Palestinian Arabs want a country of their own. They want to call it Palestine.
Many people find this offensive. Which is strange.
When the Palestinian Jews declared the independent Jewish state of Israel in 1948, with the backing of the majority of the world community, the intention of that same world community – including the fledgling state of Israel – was that local Palestinian Arabs would also declare their own independence in their own state – Palestine.
As history has made clear in the six and a half decades since 1948, the Palestinian Arabs did not so much want their own independent state as the destruction of the independent Jewish state.
And that aggressive, self-destructive attitude is what is preventing Palestinian Arab independence to this very day.
The Palestinian Arab leadership and its various backers over the decades have historically failed to factor one prime consideration into their deliberations: the Jewish state of Israel is here, and it is here to stay. The more pressure is applied to ignore this obvious truth, the more rock-steady the foundation on which Israel stands.
There is a good reason for this: over and above the obvious religious, historical and national foundations of the Jewish state of Israel in Israel, nobody likes a bully. The Palestinian Arabs and their various champions have historically bullied the rest of the world into supporting their cause, with the Palestinian Arabs themselves sitting idly by and picking up the cheques that the world community has been blackmailed into paying, month after month, year after year for 65 long years – and with no end in sight.
Palestinian Arab independence could happen today just as it was intended to happen back in 1948, Back then they firmly declined it in favour of launching their onslaught on the Jewish state and formalising the state of war that the Arab and Muslim worlds initiated with Israel – a state of war that today, 65 years later still embraces virtually every Arab state and most other Muslim states.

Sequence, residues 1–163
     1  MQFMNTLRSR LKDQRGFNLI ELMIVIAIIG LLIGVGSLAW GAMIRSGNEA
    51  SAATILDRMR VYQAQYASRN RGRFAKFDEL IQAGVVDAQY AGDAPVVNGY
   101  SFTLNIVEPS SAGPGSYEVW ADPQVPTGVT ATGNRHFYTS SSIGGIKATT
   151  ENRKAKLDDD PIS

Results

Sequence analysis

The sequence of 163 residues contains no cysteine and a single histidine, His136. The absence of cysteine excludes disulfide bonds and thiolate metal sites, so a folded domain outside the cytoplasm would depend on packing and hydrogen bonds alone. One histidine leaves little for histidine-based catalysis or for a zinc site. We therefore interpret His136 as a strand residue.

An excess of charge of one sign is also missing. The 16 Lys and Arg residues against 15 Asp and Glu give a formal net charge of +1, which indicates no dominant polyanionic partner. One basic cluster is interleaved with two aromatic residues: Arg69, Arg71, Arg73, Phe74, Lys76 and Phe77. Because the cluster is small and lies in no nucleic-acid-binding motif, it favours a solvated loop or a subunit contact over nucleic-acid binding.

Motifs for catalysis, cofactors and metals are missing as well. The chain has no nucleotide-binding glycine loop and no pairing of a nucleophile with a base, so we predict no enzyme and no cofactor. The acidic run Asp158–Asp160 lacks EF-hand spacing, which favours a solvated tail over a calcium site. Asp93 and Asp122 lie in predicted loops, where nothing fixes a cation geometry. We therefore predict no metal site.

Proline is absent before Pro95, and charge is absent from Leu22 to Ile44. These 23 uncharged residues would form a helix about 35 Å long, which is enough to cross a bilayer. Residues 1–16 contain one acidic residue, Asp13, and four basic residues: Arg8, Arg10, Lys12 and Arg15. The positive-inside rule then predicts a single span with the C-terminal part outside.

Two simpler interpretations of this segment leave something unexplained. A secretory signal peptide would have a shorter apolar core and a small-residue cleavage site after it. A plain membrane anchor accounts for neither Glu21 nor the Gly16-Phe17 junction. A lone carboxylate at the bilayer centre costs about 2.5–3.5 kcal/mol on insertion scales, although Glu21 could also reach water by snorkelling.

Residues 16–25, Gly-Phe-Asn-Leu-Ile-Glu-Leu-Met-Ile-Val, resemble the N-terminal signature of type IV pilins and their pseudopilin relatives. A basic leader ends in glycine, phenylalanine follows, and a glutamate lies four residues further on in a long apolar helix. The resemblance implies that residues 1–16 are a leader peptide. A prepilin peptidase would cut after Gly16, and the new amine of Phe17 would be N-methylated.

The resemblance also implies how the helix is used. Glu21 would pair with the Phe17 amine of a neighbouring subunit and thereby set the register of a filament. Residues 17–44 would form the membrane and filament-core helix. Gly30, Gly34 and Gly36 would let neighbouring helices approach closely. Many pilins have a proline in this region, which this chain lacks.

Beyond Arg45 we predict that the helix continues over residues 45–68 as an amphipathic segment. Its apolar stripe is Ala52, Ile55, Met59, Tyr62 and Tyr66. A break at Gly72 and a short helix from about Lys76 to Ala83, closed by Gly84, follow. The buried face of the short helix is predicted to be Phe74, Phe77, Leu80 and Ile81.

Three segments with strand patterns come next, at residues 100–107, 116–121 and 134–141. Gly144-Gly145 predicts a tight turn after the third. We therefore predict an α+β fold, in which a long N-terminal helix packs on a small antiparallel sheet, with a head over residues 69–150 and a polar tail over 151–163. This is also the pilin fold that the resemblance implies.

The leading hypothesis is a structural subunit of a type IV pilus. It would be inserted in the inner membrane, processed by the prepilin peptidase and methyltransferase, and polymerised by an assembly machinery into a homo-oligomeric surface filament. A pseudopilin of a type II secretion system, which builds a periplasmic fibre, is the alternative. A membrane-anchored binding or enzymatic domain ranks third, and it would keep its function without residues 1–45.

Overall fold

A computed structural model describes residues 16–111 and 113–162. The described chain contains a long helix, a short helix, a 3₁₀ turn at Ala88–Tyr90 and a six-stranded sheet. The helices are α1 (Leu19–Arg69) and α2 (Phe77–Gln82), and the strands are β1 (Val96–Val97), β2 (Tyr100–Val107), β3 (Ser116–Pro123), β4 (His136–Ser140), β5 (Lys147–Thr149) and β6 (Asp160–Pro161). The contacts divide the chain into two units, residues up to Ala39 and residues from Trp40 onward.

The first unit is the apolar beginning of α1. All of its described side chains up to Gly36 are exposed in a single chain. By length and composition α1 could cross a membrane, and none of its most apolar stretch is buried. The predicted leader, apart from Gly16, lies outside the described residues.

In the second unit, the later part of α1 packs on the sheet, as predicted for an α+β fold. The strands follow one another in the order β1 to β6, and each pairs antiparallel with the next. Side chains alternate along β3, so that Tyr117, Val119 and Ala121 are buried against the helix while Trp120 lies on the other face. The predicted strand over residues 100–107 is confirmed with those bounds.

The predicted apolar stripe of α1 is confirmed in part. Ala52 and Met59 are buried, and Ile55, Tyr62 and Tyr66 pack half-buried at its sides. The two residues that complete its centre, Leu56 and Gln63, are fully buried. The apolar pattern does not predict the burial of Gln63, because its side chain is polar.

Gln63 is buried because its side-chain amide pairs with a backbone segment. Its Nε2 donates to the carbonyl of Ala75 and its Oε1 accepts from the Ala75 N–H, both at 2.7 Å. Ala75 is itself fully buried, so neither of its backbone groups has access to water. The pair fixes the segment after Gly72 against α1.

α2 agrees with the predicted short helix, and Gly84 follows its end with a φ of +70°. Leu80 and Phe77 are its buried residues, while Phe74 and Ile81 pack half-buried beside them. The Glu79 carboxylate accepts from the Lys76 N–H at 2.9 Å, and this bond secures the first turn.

This state of war, or at best diplomatic, cultural, commercial and economic belligerence, has seen an existential gap open up and widen between Israel and the Arab world. While maintaining its pressure on the Jewish state, the Arab world has fallen dangerously behind in virtually every criterion by which modern society is judged: literacy, academia, culture, industry, democracy, welfare, health, human rights, women’s rights, freedom of worship, minority rights.
Israel, meantime, has surged ahead in all these areas and more.
Nowhere can this be seen more clearly than in the Palestinian Arab mindset. Mahmoud Abbas, the Palestinian Fatah leader in Ramallah, represents one of two major Palestinian national movements, each mutually exclusive to the other and each engaged in a life-and-death struggle with the other. Ismail Haniyeh, the Palestinian Hamas leader, represents the second major Palestinian national movement, and he reigns supreme in Gaza. Abbas declines to hold elections, while Haniyeh’s election victory was ensured by the gun.
Then there is Jordan, occupying the 80 percent of Mandate territory that was originally designated for Palestinian Arabs. More than 70 percent of the population of Jordan is Palestinian Arab. Jordan is the de facto Palestinian Arab state, Palestine One if you will, alongside Palestine Two in Gaza and Palestine Three in the Jewish provinces of Judea and Samaria, which the Palestinian Arabs want Israel to gift to them.